Former players critical of Dhoni's decision to shut shop
Skipper Mahendra Singh Dhoni's decision not to push for victory in the third and final cricket Test against the West Indies has come under flak by former cricketers who said it was "shocking" and unworthy of the number one team.cricket Updated: Jul 12, 2011 23:04 IST
Skipper Mahendra Singh Dhoni's decision not to push for victory in the third and final cricket Test against the West Indies has come under flak by former cricketers who said it was "shocking" and unworthy of the number one team.
The players were surprised that the Indians chose to abandon the chase when all they required was 86 runs from the 15 mandatory overs with seven wickets remaining.
Former Indian middle-order batsman and now an expert commentator Sanjay Manjrekar was pretty scathing in his attack terming the decision "very unDhoni like". He was also critical of the manner in which Rahul Dravid went about during the chase of 180 from 47 overs.
"Must confess.. was shocked to see match called off with 86 needed off 90 balls with quality batsmen left...very unDhoni like," Manjrekar tweeted.
"Also could not understand Dravid's strike rate of 38 when chasing a target of 180 in about 46 overs," was another comment on his micro-blogging site.
About coach Duncan Fletcher defending Dhoni, Manjerakar said: "The coach has to defend his team. He hightlighted all the cricketing issues. Fair enough, but those cricketing issues and the conditions that you talked about, it would have convinced me had it been Australia, South Africa or England for that matter."
According to former India opener Aakash Chopra, India's approach was not like it should be for the No 1 Test side in the world.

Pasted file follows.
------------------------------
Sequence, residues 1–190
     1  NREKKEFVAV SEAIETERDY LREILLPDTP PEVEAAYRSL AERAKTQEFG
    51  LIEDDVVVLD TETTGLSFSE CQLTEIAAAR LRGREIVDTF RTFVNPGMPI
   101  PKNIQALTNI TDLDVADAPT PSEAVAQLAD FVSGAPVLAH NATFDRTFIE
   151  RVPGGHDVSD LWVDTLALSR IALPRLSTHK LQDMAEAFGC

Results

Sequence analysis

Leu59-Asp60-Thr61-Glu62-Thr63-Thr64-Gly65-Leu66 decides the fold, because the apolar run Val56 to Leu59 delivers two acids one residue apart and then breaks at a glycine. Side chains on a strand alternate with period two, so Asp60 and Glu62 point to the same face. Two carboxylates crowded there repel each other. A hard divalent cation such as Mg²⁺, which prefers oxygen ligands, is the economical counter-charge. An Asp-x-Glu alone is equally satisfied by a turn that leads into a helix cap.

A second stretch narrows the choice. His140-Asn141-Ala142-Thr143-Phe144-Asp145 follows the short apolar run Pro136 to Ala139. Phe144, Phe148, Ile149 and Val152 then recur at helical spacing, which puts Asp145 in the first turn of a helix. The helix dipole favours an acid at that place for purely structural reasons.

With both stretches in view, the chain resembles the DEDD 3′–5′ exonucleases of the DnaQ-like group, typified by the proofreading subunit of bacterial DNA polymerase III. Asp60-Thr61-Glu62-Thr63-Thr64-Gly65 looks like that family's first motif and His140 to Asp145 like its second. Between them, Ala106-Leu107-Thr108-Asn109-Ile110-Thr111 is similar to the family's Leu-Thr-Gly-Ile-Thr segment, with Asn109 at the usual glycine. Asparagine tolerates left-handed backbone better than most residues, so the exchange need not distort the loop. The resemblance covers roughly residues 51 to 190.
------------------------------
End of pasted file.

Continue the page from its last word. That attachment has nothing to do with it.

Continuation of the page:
"Last night at 2am I asked myself a question--did we play like the #1 Test side? The answer was--No. Just a solitary attempt n den shut shop!" the Delhi lad tweeted.
"Promoting Raina was a positive move to counter Bishoo but it finished with his dismissal. Am I a bit harsh? Yes, but shouldn't we all be?" Chopra questioned.
Former India stumper Syed Kirmani was however not too harsh and felt that it was a correct decision on Dhoni's part to give up on chase.
"The primary objective was to win the series. If that goal is about to be achieved why take further risk and jeopardize the whole thing. A captain knows the best and it was Dhoni's call," Kirmani said.
Former West Indies fast bowler Ian Bishop was however not the one who would buy the argument about pitch being a difficult one for chasing.
"I don't think the pitch was giving that many problmes," Bishop told ESPNCricinfo.
"I was very surprised. I still thought with Dhoni and Virat Kohli to come, they could have given it a bit more push. I was surprised that they closed up shop as early as they did," he said.
"(VVS) Laxman and (Rahul) Dravid were still there. They could have continued just working the ball around with 4-5 overs an over and then see how they went for 6-7 overs and if they needed to make a little bit more charge," he added.
"(For) the best teams in the world across (the) board, it is not just a matter of closing out a job but closing it out with a sense of killer instinct. Dhoni's decison was in complete contrast to his bold declaration in the second Test in Barbados," the fearsome fast bowler of yesteryears opined.
"I thought there was room to go when I consider that Dhoni declared and set the West Indies 281 in Barbados in 83 overs. If he gambled then, he probably had the spirit to do here (Roseau)," said Bishop.